16. The computer readable medium as recited in claim 15 wherein the plurality of instructions, when executed, remove local resources responsive to identifying the second backup image as an application server backup.
17. The computer readable medium as recited in claim 15 wherein the plurality of instructions, when executed, remove shared resources responsive to identifying the first backup image as a node backup.
18. The computer readable medium as recited in claim 13 wherein causing the restore comprises configuring the computer to request the second backup image.
19. The computer readable medium as recited in claim 13 wherein causing the restore comprises creating a configuration file on the computer that indicates that the computer has permission to restore the application server.
20. The computer readable medium as recited in claim 13 wherein causing the restore comprises the server directly restoring the second backup image.
21. A system comprising:
a computer; and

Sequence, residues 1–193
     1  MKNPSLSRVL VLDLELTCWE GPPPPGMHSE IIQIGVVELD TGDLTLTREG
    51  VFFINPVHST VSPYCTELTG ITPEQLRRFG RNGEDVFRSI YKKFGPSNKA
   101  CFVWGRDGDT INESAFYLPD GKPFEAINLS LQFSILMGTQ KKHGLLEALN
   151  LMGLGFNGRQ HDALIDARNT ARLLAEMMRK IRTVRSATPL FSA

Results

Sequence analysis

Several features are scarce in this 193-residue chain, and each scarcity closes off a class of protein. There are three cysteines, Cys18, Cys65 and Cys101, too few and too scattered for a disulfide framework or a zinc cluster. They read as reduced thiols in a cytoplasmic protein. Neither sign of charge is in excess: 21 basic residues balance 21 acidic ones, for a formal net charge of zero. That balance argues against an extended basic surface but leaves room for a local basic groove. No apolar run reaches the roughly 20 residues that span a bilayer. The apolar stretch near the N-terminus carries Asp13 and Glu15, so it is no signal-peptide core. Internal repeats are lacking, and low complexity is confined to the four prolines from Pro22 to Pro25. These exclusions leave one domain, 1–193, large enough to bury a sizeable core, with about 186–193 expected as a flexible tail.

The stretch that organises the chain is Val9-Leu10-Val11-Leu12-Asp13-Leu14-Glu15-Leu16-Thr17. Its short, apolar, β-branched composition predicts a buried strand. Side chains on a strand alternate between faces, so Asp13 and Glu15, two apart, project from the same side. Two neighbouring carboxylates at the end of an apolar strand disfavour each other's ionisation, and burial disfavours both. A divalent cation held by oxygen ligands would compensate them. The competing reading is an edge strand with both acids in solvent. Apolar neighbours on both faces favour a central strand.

a server configured to restore a first backup image to a computer, wherein the first backup image comprises local resources of a first node of a plurality of nodes forming a cluster on which an application server is executable at the time the first backup image is made; and cause a restore of a second backup image to the computer in addition to the first backup image, wherein the second backup image comprises shared resources used by the application server, wherein at least one of the shared resources is external to the first node during execution of the application server on the cluster, and wherein the at least one of the shared resources is internal to the first node subsequent to the restore of the second backup image.